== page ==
Tuesday, 28 April 2009

Poor Phorm at the Home Office

Another damning email exchange emerges from Westminster, this time from the ever-incompetent Jacqui Smith's beat: Home Office 'colluded with Phorm'.

For those of you less versed in geek-speak Phorm is a system for placing targeted adverts on certain websites that you might visit, based upon collecting and analysing your browsing history. One controversial aspect of Phorm is that you might be deemed to have signed up for this "service" simply by agreeing to your ISP's terms and conditions of use. Much more about Phorm at the Wikipedia link above, including mention of BT's secret trials of the system (that's British Telecom, not Brian Taylor blether-fans!).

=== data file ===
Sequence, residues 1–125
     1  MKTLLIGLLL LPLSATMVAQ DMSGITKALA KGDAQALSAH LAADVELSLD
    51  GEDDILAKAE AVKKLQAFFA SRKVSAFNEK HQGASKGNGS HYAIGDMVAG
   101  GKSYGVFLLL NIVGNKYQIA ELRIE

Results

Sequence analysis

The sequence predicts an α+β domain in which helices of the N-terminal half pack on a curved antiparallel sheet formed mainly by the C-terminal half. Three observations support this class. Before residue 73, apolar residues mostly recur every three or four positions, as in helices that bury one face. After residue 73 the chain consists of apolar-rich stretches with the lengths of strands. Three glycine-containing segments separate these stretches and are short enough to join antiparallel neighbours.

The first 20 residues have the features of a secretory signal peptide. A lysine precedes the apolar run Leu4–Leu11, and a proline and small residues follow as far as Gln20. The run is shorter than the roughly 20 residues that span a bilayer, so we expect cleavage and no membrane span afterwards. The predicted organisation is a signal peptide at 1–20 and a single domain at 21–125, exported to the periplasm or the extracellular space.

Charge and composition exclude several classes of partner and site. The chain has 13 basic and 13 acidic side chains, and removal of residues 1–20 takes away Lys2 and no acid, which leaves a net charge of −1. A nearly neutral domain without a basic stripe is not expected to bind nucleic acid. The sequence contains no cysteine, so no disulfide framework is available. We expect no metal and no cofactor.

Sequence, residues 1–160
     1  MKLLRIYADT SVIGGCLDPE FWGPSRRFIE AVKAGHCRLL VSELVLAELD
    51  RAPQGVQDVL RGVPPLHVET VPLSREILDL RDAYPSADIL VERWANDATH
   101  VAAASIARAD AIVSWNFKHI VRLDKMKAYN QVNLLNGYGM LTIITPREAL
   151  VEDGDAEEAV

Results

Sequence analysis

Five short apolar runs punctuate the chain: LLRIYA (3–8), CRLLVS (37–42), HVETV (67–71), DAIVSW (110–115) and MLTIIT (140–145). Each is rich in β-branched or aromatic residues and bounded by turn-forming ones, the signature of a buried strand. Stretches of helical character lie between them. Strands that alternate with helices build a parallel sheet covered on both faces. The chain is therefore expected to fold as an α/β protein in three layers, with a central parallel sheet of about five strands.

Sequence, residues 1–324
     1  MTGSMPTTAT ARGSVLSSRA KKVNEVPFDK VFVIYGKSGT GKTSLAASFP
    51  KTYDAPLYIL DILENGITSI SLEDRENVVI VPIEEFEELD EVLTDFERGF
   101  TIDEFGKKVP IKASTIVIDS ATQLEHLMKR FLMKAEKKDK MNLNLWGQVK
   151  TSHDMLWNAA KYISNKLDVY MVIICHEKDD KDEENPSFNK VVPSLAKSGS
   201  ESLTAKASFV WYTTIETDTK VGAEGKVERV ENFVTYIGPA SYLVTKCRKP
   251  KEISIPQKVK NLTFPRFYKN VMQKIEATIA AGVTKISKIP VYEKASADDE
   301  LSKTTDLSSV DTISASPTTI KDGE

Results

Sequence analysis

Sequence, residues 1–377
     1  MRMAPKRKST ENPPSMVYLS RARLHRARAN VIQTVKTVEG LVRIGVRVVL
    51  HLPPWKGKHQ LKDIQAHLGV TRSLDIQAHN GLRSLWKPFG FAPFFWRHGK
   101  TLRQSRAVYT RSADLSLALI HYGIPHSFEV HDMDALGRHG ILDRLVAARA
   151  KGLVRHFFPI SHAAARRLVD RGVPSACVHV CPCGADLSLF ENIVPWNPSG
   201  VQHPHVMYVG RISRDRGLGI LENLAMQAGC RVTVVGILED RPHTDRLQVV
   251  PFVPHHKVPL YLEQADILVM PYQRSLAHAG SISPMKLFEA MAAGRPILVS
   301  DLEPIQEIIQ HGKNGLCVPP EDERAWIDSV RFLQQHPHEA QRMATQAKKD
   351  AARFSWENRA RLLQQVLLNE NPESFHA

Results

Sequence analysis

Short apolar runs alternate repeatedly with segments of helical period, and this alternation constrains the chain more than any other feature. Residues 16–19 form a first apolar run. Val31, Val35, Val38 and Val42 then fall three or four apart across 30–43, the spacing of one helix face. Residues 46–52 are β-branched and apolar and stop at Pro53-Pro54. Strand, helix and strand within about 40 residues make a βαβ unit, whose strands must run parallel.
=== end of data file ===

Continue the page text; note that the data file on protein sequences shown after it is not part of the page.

Following a Freedom of Information request an email exchange has been released that appears to show mandarins at the Home Office asking Phorm for advice on whether their "service" is legal or not. Baroness Miller is quoted by the Beeb as saying:

"The fact the Home Office asks the very company they are worried is actually falling outside the laws whether the draft interpretation of the law is correct is completely bizarre."

Cynics among you might well wonder whether this could be a backdoor means of resurrecting the mother of all databases to track every phone call, email and website that we all visit. Personally I don't think the government are that competent though, looks more like a damning indictment of standards in Whitehall than anything more sinister.

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